Boston Bruins goaltender Tuukka Rask smiles as he skates during an informal hockey practice session a day after the end of the NHL labor lockout, Monday, Jan. 7, 2013, at Boston University in Boston. (AP Photo/The Boston Herald, Mark Garfinkel) BOSTON GLOBE OUT; METRO BOSTON OUT; MAGS OUT; ONLINE OUT
BOSTON - Boston Bruins defenceman Dennis Seidenberg drove by the TD Garden on Tuesday morning on his way to Boston University, where a handful of his teammates have been skating to keep in shape while waiting for the NHL season to start.
"I got a really good feeling imagining going out on the ice and getting excited about being able to play again," he said. "I'm so excited to be here."
After spending much of the NHL lockout playing in his native Germany, Seidenberg flew back to Boston on Monday when he heard that NHL players and owners had reached agreement on a new collective bargaining agreement. Both sides must still vote to ratify the deal; they are hoping to start a 48- or 50-game season that around Jan. 19.
"Every day I was sitting on my computer, looking at the news, looking at the rumours," Seidenberg said. "I was hoping for something to happen."
Seidenberg joined about a dozen NHL players on the ice at BU's Agganis Arena, wearing NHLPA practice jerseys in a workout run by former Terriers star Mike Grier. Among the Bruins taking part on Tuesday in the two-hour skate were goaltender Tuukka Rask, defenceman Johnny Boychuk and forwards Shawn Thornton, Brad Marchand and Milan Lucic.
"It's nice to get that lift that we are playing finally," Lucic said. "You kind of take your teammates for granted. You appreciate them more. I missed these guys more than anything.
Many NHL players sought employment in European leagues during the four-month lockout, with Seidenberg joining his brother on the Mannheim Eagles in Germany.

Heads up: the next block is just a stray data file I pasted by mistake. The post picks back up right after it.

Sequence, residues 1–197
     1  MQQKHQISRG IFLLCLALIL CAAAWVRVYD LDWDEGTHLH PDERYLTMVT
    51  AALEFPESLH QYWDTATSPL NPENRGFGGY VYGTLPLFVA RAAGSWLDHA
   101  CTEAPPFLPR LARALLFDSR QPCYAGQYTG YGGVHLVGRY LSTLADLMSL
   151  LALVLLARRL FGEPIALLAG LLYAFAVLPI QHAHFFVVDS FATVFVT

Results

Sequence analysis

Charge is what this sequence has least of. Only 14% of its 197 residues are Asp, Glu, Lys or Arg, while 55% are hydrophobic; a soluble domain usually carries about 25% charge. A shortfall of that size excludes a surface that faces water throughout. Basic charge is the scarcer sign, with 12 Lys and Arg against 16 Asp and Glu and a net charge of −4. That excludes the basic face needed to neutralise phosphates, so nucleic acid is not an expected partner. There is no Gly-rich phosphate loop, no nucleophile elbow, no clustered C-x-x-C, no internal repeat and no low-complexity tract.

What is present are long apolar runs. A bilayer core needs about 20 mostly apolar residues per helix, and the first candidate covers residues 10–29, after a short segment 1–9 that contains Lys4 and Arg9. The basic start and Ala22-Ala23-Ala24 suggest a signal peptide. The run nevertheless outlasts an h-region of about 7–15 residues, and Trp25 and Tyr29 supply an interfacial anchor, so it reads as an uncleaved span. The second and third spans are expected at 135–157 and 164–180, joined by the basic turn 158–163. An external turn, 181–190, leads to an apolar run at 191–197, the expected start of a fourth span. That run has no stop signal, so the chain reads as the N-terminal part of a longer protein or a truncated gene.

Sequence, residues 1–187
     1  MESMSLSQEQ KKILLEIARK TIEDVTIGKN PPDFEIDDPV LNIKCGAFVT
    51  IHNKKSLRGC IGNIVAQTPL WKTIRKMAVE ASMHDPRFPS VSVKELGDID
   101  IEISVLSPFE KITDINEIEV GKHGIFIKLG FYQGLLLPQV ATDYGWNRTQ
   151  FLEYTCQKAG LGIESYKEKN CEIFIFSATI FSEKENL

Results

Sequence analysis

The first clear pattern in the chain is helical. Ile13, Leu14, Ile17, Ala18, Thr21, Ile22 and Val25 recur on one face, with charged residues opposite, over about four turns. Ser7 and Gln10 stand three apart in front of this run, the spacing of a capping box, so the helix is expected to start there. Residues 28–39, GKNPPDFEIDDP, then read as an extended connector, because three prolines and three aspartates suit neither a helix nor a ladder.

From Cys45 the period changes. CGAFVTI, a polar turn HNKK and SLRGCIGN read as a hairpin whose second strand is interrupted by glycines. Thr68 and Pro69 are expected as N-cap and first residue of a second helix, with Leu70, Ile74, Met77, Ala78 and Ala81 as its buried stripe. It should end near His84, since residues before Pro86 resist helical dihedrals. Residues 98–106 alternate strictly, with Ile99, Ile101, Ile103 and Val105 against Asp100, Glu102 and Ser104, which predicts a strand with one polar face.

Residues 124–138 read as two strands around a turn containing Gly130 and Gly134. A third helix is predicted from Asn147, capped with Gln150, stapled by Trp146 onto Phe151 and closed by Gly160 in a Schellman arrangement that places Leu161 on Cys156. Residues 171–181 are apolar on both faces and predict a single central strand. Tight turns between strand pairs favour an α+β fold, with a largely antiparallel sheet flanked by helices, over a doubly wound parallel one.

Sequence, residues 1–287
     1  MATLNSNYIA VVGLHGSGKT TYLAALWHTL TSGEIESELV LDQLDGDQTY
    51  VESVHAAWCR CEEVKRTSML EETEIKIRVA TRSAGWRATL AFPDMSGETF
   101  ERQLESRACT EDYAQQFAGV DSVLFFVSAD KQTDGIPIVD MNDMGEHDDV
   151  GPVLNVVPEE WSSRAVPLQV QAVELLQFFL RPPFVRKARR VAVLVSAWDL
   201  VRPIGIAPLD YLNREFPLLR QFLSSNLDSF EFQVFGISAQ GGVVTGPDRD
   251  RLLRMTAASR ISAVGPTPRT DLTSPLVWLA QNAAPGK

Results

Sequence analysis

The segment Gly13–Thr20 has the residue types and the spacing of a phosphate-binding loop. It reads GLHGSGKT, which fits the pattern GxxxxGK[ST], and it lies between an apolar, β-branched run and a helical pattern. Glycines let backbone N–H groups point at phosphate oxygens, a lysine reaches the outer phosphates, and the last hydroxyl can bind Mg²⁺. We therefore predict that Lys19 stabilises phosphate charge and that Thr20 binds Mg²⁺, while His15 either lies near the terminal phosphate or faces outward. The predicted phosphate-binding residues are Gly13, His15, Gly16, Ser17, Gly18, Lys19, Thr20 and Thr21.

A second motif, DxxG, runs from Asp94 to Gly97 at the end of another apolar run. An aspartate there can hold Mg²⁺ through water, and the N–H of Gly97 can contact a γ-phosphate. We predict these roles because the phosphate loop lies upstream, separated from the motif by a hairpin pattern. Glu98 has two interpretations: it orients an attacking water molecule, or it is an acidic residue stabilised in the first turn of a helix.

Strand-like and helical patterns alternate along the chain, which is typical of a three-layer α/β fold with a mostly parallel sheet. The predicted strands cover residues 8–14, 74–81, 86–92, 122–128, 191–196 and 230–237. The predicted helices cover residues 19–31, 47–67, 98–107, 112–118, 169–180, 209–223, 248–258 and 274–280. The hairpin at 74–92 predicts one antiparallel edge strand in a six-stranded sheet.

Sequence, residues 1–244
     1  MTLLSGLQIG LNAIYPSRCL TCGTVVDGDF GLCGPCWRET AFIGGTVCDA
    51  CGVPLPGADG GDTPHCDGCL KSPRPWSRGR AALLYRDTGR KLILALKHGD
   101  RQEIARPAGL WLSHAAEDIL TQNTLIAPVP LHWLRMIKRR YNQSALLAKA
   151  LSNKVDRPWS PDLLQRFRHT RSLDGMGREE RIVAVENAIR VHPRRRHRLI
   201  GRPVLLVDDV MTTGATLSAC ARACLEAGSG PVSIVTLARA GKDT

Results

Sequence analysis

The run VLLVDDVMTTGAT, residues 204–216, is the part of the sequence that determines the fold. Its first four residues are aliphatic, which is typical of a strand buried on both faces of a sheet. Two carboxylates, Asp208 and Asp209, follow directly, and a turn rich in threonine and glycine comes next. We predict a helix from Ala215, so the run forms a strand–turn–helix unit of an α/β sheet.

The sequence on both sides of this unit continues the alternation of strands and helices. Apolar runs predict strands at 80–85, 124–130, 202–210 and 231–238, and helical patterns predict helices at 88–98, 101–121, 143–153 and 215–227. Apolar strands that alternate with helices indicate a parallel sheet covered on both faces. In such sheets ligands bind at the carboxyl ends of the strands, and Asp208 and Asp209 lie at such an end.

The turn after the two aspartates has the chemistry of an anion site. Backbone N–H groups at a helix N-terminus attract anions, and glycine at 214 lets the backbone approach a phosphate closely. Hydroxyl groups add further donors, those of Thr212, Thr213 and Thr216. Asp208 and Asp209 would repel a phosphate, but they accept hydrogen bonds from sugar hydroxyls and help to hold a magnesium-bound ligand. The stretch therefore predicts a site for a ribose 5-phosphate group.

"I haven't been there for seven years," Seidenberg said, adding that it was a chance "just being able to enjoy hanging out with people I haven't been hanging out with for a long time."
Lucic said he opted not to sign with a foreign team, choosing instead to recover from the last two, long seasons. Now, he said, he knows he has some catching up to do.
"It was rest that I feel I needed," he said. "I've built up a lot of nagging injuries that I've been trying to take care of. Hopefully, I'll feel better this season."
The Bruins, who won the Stanley Cup in 2011, lost in the first round to Washington last season. Seidenberg said he thought the Bruins were poised for another strong season.
"We're still pretty much the same team we were when we won a few years ago," he said, adding that it is hard to know from the informal practices how fit the players are. "It's an open practice; guys are having fun. Right now it's just too hard to tell if somebody's ready or not."
Lucic said that the up-and-down nature of the negotiations made it difficult to figure out how to tailor his workouts.
"When you practice like this, it's nothing compared to the practices we have during the season," he said. "It was real difficult ... You never knew when you needed to get yourself at that peak moment."
Teams will likely have training camps of one week—or less—before the season, giving the advantage to players who found work in other leagues during the season.
"I'm ready to go, right now," said defenceman Johnny Boychuk, who played in Austria. "It's a perfect situation for me. Now that the season's starting, I really feel like it's an advantage."
Seidenberg joined the chorus of apologizing for the lockout.
"Everybody that was part of this lockout feels bad for the fans," he said. "We definitely feel bad for it and I think everybody's sorry for it."